the irresistible fleet of bicycles


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an act to amend maine’s gmo food products labeling law

right to know gmo ME
MOFGA Press Release Regarding LD 991: An Act To Amend Maine’s Genetically Modified Food Products Labeling Law.

Genetically modified organisms, or GMOs, are a hot topic in Maine and across the nation. A new bill could speed implementation of Maine’s historic GMO food labeling law. For decades the Maine Organic Farmers and Gardeners Association (MOFGA) has been leading the fight in Maine for good food, good farming and demanding transparency in labeling food made from GMO crops. Of course, several hundred Maine family farmers are growing MOFGA-certified organic crops that are free of GMOs because genetic engineering is a prohibited practice in organic farming.

In 2013, the Maine Organic Farmers and Gardeners Association (MOFGA) organized Maine’s Right to Know – GMO coalition, which gained legislative and gubernatorial approval of mandatory labeling of foods derived from genetically modified organisms (GMOs). The law is the result of decades of organizing, research, citizen lobbying and all-around collaboration among citizens from all walks of Maine life. This year Maine legislators will have an opportunity to learn even more about GMOs in food and agriculture, and consider options for a speedier implementation of Maine’s landmark GMO labeling law.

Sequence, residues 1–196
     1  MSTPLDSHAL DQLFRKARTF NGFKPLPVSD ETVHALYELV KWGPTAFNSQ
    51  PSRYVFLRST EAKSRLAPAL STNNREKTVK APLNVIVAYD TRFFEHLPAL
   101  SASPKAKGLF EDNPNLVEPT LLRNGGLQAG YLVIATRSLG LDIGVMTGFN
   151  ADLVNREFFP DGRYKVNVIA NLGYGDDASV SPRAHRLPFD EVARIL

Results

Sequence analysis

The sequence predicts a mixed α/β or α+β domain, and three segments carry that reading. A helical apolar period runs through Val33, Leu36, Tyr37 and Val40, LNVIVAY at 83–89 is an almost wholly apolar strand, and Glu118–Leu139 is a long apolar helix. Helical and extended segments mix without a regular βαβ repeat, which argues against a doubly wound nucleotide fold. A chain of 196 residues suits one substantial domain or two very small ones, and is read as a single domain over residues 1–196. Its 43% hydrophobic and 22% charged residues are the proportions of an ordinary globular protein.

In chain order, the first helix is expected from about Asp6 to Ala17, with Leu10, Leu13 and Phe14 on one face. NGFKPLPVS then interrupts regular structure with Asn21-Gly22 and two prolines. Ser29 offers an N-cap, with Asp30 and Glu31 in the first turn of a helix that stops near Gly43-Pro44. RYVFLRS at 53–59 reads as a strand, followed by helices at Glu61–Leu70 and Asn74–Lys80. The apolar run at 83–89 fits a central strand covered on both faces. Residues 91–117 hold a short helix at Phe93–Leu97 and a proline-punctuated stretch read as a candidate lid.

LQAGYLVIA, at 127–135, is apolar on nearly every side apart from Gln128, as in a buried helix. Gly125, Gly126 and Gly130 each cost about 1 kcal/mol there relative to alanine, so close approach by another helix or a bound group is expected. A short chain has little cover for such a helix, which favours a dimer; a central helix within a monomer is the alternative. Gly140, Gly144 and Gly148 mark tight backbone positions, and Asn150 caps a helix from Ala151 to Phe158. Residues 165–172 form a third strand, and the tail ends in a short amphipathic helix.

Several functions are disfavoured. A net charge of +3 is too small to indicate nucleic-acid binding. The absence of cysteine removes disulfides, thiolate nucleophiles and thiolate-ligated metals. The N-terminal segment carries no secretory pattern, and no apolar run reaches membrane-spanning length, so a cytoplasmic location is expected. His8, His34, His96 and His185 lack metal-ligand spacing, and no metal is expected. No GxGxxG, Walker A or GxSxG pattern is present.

LD 991 – An Act To Amend Maine’s Genetically Modified Food Products Labeling Law – seeks to eliminate a requirement in established law that five contiguous states, including Maine, adopt legislation similar to Maine’s. Connecticut and Vermont already have adopted GMO labeling laws. A bill in the Massachusetts Legislature has broad bi-partisan support. A legislative committee in New Hampshire has been studying the issue. Continue reading